The tools currently used by regulators to assess risk in the financial sector are not fit for purpose, according to new research from HEC Paris business school.
Professors of finance Christophe Pérignon and Jean-Edouard Colliard, have examined whether financial regulators could predict and prevent another catastrophe like the financial crisis of 2008. They found that although there may already be a strong focus on regulating individual banks, no methodology is yet available to capture risk within the system overall.
Pérignon comments that: “Although academic research shows it is not the safety of individual banks that matters but the resilience of the system as a whole, new regulations still try to control specific sources of risk and measure the risk of individual banks.”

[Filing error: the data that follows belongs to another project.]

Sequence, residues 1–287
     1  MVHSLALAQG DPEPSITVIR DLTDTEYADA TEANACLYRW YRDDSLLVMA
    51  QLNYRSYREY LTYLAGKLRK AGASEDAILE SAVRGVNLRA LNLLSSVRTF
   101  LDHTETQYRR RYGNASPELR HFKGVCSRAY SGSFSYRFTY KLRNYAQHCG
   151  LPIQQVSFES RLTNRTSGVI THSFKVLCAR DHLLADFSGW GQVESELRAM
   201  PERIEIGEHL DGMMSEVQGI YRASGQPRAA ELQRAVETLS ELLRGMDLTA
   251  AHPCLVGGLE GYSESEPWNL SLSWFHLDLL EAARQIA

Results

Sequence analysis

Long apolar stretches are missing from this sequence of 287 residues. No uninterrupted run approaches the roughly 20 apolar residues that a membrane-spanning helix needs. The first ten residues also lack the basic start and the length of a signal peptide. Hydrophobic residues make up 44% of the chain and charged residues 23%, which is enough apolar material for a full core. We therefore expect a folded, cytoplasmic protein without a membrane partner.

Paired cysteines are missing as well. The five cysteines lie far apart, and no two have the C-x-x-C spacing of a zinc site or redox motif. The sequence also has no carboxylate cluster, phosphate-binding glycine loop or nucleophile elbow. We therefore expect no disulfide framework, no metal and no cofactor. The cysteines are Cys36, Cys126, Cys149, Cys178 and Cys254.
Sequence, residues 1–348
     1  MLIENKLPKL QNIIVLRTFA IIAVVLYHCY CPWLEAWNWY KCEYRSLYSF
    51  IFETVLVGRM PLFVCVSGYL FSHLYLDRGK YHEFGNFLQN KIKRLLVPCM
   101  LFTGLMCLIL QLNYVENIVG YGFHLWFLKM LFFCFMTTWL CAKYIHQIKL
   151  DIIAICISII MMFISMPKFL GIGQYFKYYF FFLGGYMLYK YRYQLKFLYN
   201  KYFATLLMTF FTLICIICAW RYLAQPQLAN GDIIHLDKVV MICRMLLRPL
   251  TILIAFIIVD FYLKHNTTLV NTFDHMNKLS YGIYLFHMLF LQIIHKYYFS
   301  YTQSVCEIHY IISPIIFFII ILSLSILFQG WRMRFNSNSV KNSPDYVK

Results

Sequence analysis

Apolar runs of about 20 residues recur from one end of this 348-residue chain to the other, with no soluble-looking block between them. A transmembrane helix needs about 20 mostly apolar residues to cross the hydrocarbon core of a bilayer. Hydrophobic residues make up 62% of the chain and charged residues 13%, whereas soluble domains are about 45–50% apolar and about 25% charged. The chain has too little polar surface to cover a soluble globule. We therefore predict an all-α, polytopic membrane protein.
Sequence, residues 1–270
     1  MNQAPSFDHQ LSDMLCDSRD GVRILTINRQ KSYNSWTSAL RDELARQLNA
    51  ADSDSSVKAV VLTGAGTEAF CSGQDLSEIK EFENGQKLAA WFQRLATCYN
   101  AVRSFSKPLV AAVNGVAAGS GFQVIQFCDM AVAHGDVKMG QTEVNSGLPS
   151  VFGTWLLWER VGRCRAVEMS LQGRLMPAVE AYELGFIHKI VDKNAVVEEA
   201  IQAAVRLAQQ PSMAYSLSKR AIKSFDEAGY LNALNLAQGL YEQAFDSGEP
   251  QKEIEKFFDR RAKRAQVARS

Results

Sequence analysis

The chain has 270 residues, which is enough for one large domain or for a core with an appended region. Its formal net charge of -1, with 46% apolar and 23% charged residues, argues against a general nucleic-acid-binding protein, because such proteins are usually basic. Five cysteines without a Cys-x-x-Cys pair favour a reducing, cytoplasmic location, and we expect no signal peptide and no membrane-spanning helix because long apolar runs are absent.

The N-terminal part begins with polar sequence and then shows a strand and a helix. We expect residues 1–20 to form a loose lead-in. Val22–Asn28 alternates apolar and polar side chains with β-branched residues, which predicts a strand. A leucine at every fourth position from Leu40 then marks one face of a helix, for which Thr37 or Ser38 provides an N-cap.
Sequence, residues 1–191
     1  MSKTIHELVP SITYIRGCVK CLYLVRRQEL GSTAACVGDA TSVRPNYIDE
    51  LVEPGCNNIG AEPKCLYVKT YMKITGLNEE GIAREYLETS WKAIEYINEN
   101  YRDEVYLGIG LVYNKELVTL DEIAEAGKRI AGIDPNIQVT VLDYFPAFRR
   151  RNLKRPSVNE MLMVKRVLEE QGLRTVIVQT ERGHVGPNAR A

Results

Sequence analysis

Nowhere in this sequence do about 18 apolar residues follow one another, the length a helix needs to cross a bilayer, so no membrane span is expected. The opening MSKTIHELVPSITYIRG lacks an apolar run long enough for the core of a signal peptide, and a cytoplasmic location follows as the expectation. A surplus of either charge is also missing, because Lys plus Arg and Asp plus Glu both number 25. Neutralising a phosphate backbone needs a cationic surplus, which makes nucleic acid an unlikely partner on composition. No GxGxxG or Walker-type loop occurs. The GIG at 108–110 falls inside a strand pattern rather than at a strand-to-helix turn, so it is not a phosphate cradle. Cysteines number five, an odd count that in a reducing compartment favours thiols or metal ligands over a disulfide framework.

The report ‘Does danger still lurk in the banking system?’ also highlights some of the gaps and flaws in current regulatory instruments such as an incorrect formula for identifying systemically important financial institutions (SIFIs). This SIFI scoring methodology was originally developed by the Basel Committee on Banking Supervision and is currently standard practice.
The researchers have proposed the correction to the relevant regulatory authority and insist that in order to rid the banking system of similar dangers, academics and regulators must collaborate.
Pérignon explains: “On the one hand, regulators have access to a wealth of confidential data, but we show their tools are relatively simple. On the other hand, academics have developed much more sophisticated tools and measures using the limited market and public data they have available. It’s time to bring these two sets together through research collaboration.”